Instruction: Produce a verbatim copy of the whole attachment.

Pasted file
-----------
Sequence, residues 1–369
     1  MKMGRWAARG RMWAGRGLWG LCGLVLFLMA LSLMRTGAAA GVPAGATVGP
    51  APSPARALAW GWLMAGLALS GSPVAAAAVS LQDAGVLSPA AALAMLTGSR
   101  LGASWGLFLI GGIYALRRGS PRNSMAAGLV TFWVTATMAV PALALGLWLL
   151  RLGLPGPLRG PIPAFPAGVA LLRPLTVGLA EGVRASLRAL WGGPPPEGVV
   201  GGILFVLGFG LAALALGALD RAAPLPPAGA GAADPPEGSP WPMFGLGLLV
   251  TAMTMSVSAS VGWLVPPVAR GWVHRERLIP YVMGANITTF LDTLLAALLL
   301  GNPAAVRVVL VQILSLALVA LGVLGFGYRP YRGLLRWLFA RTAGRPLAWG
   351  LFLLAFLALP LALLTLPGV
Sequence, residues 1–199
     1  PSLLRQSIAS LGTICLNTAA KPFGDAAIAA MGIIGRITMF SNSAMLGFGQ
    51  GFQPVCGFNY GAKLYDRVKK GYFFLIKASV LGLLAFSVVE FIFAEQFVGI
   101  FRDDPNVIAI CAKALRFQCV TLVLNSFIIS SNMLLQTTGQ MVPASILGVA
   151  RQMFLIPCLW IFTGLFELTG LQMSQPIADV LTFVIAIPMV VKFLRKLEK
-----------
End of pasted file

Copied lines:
Sequence, residues 1–369
     1  MKMGRWAARG RMWAGRGLWG LCGLVLFLMA LSLMRTGAAA GVPAGATVGP
    51  APSPARALAW GWLMAGLALS GSPVAAAAVS LQDAGVLSPA AALAMLTGSR
   101  LGASWGLFLI GGIYALRRGS PRNSMAAGLV TFWVTATMAV PALALGLWLL
   151  RLGLPGPLRG PIPAFPAGVA LLRPLTVGLA EGVRASLRAL WGGPPPEGVV
   201  GGILFVLGFG LAALALGALD RAAPLPPAGA GAADPPEGSP WPMFGLGLLV
   251  TAMTMSVSAS VGWLVPPVAR GWVHRERLIP YVMGANITTF LDTLLAALLL
   301  GNPAAVRVVL VQILSLALVA LGVLGFGYRP YRGLLRWLFA RTAGRPLAWG
   351  LFLLAFLALP LALLTLPGV
Sequence, residues 1–199
     1  PSLLRQSIAS LGTICLNTAA KPFGDAAIAA MGIIGRITMF SNSAMLGFGQ
    51  GFQPVCGFNY GAKLYDRVKK GYFFLIKASV LGLLAFSVVE FIFAEQFVGI
   101  FRDDPNVIAI CAKALRFQCV TLVLNSFIIS SNMLLQTTGQ MVPASILGVA
   151  RQMFLIPCLW IFTGLFELTG LQMSQPIADV LTFVIAIPMV VKFLRKLEK